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What's the Best Way to Make a Habit? Comparing Seven Different Approaches | Scott H Young

Building habits

The basic process for building all habits is basically the same: you repeatedly condition the behavior you want, over time, until it becomes automatic.

But no habit starts out automatic; there’s a deliberate period, where you must consciously apply yourself to make a certain behavior your default.

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What's the Best Way to Make a Habit? Comparing Seven Different Approaches | Scott H Young

What's the Best Way to Make a Habit? Comparing Seven Different Approaches | Scott H Young

https://www.scotthyoung.com/blog/2019/06/05/7-habit-approaches/

scotthyoung.com

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Key Ideas

Conditioning a habit

2 main ways you can condition a habit:
  • Classical conditioning: a paired association with a trigger and a behavior. Going to the gym after you wake up each morning is this kind of habit.
  • Operant conditioning: you not only associate a trigger with a behavior, but you reward that pairing, to accelerate the habit-forming process.

The 30-Day Trial

You commit to some change for 30 days, then tou can go back to your old ways. But having spent thirty days applying a new behavior is often enough to convince you to stick with it.

Pros:

  • Can handle more significant/difficult behavior changes you might be unlikely to start with a perpetual commitment.
  • Fosters an experimental mindset, rather than assuming you already know what’s best.

Cons:

  • 30 days probably isn’t enough to actually make something a habit.
  • Without a long-term plan, many 30-day trials will revert back to the original behavior.

Don’t Break the Chain

Keep track of how many days in a row you’ve successfully followed your habit. As your chain gets longer and longer, you become increasingly committed to the habit.

Pros:

  • Maintains habits over a longer timeframe than a 30-day trial.
  • Better for things you already do (or are easy to do).
  • The longer your chain, the more serious your commitment

Cons:

  • Accidental slip-ups or situations where your habit becomes impossible can collapse your motivation.
  • Many habits don’t work on an easy daily or weekly interval.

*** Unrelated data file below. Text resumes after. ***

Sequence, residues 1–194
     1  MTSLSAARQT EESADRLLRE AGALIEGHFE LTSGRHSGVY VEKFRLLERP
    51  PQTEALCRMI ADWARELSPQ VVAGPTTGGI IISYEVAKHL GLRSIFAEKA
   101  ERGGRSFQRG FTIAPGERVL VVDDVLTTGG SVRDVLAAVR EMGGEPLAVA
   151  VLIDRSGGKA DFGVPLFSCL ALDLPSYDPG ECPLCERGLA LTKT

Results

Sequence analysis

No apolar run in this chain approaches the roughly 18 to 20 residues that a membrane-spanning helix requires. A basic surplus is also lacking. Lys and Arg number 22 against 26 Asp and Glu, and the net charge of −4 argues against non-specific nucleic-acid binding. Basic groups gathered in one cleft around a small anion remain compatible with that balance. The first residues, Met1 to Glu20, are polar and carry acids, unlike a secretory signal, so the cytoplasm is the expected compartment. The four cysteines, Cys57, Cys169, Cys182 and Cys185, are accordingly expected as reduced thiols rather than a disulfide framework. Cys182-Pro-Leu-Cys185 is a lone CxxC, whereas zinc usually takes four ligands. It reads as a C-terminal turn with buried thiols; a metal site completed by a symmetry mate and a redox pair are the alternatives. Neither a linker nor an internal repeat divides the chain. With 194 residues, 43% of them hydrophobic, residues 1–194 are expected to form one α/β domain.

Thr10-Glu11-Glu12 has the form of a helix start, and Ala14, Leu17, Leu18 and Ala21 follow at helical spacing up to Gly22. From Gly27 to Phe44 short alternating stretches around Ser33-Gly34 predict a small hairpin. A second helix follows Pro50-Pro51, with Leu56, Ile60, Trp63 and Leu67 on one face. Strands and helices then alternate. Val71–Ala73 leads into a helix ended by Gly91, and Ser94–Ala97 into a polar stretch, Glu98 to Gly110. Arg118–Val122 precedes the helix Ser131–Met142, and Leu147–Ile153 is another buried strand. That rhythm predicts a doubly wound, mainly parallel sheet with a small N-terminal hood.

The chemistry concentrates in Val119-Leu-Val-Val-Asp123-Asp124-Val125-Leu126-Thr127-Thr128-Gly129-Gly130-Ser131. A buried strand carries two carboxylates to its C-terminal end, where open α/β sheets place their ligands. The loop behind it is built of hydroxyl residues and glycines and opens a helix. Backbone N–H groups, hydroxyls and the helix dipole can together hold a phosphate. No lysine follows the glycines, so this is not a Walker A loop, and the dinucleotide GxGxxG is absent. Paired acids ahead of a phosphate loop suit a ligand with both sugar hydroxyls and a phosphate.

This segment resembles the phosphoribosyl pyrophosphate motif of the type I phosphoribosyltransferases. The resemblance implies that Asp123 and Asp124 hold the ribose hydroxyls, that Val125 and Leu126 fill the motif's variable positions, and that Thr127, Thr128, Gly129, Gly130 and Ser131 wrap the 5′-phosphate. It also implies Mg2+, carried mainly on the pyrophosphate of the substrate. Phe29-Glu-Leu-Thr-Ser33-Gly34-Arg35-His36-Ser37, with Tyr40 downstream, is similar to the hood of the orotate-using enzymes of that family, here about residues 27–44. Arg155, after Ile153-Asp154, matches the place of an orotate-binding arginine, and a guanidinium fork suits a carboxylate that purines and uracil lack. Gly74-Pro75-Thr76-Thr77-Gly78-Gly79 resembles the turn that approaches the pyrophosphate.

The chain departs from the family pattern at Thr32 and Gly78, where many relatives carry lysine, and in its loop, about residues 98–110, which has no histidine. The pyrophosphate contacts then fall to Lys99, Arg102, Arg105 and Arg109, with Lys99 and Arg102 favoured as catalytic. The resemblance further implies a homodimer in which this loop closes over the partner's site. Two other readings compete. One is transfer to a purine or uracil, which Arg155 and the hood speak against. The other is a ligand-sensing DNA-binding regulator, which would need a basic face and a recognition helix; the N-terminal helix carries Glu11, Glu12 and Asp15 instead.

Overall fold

Never Miss Twice

The goal is to do it every day (if possible) but if you miss a day, you must do the habit the following day.

Pros:

  • Easier to keep up for longer stretches with harder habits.
  • Easier to handle on an irregular schedule.

Cons:

  • You’ll be much more likely to take days off unnecessarily if you know it’s only two-in-a-row that count.
  • If you sometimes do X, and sometimes don’t, it will take longer to make the association automatic. 

Pretraining

It means practicing the habit a bunch of times in an artificial situation so that it occurs more automatically in real life.

Pros:

  • For when you think you won’t be able to consciously control your reaction in the real situation without practice.
  • When the behavior you want to perform requires skill or knowledge you might not possess without practice.

Cons:

  • The practice may not fully transfer to the real situation.
  • Practicing multiple times in the same session is known to have a weaker impact on long-term changes to your behavior.

Project-Driven Habits

Ignore the process of creating habits altogether and simply focus on a project that will force them to occur.

Pros:

  • You can often change multiple habits at the same time with less overhead. 
  • Help you be flexible about adopting and dropping habits based on what works.

Cons:

  • Once the project is done, the habits may go with them.
  • A project can often eat up or push out other good habits.

Tattletale Tactics

This strategy works by deputizing others to enforce your habit for you.

Pros:

  • No formal rules or mechanisms are required, just the social pressure from the outside.
  • If you find yourself constantly breaking your own commitments, this may be the only tool you can use to effectively control your behavior.

Cons:

  • Most people won’t care about your behavior as much as you should.
  • Doesn’t work if others aren’t watching you while you perform the habit.

Identity-Driven Habit Changes

Avoid thinking about changing a habit, but instead think about changing your self-conception.

Pros:

  •  “I’m a healthy person now,” for example can trigger eating better, exercising more and quitting smoking and drinking all at once.
  • If successful, these can make not following the habit unthinkable. 

Cons:

  • If you’re trying to change your identity but you still really like the old you, the change won’t last.
  • Hard to plan for and pull off

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  • Time and Energy are limited resources, and as we grow, our habits may become obsolete. We could use the same time and energy to explore new and better options.

  • It is a good idea to pay attention to where we spend our time and see if there is something we do daily but have outgrown long ago.

Consistency and Boredom

Being consistent can also lead to burnout and lack of growth, and to be creative and innovative, we sometimes need a break from our daily activity. When we stop and do something new, we start to be part of a creative process, instead of simply repeating the same thing every day.

The key is to not rely on a rigid consistency but to be resilient enough to withstand any breaks. Our resilient habits are usually the old ones and have some psychological rewards while involving some external accountability. 

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